Day shelter for homeless opens on Monday in South Bend
SOUTH BEND, Ind. - A day center for the homeless is opening Monday. Our Lady of the Road will be open from 1 p.m. to 6:30 p.m. Monday through Friday so that the homeless can go and stay warm in the colder months.
After the main library closed, many homeless people in South Bend had no place to go and stay warm during the day.
Last month, the city gave out bus passes to help them get to different library locations but there was still a need for a warming shelter. Now, there is one. The city chipped in $20,000 to open up local non-profit, Our Lady of the Road on Main Street.
“It seemed like the hours between lunch and dinner at hope ministries, lunch is at noon and dinner is at 7 pm so the hours from 1 to 6:30 were uncovered so people wouldn’t have a place to be during those hours,” Margaret Pfeil, the Founder of the Catholic Worker Community who runs the center said.
When the main library downtown closed their doors for renovations until 2021, the city’s homeless population lost a warm haven.
Recently, Miracle Revival Church on La Salle opened up its doors from 8 a.m. to 8 p.m., but now there’s another option.
Pfeil says with the city’s monetary help the shelter can now pay two part-time workers to run the center during those times.
“We don’t have the funding to pay workers so it’s really critical that the city is able to help in this way,” she said.
But that is only for the next two months.
“Ideally though, we will be able to meet this need as a whole local community and not have to rely on the government for that,” she said.
Mark Bode, a Spokesperson for the City said this has been in the works for months and said the money is just a Kickstarter, but their priority is that the center remains open.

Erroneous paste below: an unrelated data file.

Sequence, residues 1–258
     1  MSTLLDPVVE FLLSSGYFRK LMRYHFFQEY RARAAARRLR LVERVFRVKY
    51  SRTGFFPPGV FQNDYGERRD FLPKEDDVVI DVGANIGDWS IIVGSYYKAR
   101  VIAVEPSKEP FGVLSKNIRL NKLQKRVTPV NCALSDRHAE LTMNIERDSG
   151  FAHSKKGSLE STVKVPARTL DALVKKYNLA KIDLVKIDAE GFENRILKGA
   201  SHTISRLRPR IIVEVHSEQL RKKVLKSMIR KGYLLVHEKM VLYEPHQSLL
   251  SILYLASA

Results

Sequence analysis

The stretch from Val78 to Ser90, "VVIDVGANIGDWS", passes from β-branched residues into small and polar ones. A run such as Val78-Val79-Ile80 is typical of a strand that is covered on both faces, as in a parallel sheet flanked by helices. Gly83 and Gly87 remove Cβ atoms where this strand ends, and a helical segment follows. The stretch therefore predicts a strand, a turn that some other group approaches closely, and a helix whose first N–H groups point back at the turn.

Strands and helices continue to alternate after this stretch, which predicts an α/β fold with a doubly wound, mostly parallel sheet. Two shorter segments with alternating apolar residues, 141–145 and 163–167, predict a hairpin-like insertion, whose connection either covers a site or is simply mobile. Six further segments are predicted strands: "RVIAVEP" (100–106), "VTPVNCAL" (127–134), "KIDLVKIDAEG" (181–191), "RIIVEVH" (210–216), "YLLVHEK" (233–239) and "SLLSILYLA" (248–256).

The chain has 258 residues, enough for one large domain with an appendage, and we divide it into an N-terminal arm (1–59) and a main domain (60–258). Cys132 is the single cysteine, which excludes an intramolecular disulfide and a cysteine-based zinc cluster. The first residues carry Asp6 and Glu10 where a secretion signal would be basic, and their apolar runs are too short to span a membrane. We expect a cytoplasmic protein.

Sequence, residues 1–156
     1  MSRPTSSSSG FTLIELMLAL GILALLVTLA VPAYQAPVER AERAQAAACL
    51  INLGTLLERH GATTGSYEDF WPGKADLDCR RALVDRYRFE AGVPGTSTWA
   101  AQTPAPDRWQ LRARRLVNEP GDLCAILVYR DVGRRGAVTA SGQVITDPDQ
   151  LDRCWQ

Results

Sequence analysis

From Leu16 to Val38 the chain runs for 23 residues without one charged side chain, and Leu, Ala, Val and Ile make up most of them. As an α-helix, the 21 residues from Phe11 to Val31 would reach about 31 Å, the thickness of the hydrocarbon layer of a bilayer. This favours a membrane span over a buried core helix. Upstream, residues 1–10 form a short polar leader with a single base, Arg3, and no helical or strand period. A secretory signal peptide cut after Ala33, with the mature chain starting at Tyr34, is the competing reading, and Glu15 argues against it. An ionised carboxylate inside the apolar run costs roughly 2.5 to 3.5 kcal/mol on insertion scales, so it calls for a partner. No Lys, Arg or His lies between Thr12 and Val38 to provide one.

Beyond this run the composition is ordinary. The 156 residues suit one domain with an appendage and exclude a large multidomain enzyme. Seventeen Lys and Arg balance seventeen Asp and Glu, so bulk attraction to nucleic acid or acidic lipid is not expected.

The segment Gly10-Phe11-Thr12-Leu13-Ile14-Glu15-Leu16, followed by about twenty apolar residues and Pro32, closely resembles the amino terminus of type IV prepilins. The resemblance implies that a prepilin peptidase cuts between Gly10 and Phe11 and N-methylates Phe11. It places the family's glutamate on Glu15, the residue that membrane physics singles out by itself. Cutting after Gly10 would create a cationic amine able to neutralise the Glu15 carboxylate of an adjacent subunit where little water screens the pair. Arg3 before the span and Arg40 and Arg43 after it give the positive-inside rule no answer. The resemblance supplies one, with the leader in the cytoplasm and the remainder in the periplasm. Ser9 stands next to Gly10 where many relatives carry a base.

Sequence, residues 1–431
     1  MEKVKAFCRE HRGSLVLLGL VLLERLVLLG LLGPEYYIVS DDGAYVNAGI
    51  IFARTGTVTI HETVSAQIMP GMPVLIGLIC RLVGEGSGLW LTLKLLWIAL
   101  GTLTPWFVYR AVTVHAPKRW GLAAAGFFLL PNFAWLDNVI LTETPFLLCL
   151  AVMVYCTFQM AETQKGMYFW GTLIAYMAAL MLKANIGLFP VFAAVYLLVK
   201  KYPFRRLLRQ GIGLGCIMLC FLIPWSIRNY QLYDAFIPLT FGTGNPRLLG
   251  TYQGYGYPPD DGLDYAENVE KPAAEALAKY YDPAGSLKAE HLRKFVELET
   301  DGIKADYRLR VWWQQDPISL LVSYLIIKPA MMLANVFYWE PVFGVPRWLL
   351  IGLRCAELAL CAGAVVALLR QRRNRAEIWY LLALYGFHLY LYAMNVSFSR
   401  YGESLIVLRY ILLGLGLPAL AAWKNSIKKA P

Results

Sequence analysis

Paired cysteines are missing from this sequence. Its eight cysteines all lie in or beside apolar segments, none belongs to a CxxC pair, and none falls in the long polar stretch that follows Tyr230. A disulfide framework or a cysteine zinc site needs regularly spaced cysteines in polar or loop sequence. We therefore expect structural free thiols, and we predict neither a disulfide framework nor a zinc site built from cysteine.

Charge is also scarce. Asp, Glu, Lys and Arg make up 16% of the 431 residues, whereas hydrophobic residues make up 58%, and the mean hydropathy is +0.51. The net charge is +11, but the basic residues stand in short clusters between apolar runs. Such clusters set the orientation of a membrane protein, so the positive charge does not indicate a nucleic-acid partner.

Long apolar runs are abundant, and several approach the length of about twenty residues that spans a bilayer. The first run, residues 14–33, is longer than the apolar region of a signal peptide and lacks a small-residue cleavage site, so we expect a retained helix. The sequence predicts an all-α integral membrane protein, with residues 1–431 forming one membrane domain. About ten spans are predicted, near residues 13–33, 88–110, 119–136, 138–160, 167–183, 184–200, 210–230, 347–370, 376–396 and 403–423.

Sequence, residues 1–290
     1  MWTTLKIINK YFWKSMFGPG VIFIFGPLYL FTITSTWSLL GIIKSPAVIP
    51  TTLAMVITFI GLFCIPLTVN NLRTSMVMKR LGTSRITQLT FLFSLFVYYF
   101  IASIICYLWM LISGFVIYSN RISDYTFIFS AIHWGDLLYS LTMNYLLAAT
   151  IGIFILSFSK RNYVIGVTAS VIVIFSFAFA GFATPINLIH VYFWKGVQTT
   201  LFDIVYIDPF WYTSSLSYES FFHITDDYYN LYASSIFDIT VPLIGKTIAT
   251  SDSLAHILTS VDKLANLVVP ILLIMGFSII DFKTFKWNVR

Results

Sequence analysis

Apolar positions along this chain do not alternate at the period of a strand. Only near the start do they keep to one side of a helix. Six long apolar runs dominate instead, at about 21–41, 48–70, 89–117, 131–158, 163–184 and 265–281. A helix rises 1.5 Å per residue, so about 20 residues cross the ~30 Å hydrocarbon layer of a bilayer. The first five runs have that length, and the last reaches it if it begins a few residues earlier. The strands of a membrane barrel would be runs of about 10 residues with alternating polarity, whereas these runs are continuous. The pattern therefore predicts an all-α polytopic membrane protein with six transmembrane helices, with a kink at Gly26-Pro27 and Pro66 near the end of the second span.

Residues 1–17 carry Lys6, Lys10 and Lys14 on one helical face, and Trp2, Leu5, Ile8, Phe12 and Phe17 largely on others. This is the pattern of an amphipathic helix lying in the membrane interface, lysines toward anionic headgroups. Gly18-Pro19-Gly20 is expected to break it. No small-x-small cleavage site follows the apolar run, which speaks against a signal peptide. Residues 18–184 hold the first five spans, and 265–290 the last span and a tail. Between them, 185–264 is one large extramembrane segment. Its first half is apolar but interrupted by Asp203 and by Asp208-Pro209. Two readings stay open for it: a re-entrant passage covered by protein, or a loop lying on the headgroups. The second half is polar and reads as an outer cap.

“It wasn’t well thought out with the library closing and so many of the vulnerable population use the library,” Clara Ross, a community activist for the homeless said.
She said this is a long time coming.
“Going to the mayor’s office, we bombarded him with phone calls, we bombarded him with emails, people showed up at the office they waited out, they camped out,” Ross said. “There was a silent but persistent protest about something needed to be done for the homeless.”
She’s proud that the city finally stepped up.
“I’m so very thankful. It’s nothing I can say to show how elated I am that this has happened and that it finally happened,” Ross said. “That we all come together; the city, community partners, the community coming together as one to help those who cannot help themselves.”
And Pfeil said she hopes to add things like puzzles, art supplies, and even books to resemble what was lost with the library’s closure.
“To encourage arts and cultures as a way to feed the body and spirit at the same time. That’s one of the hopes that the hours will be fruitful hours for people,” she said.
The center already has weekend hours and is now expanding to weekdays starting this Monday, and both the city and residents hope it will stay open during the day in the future.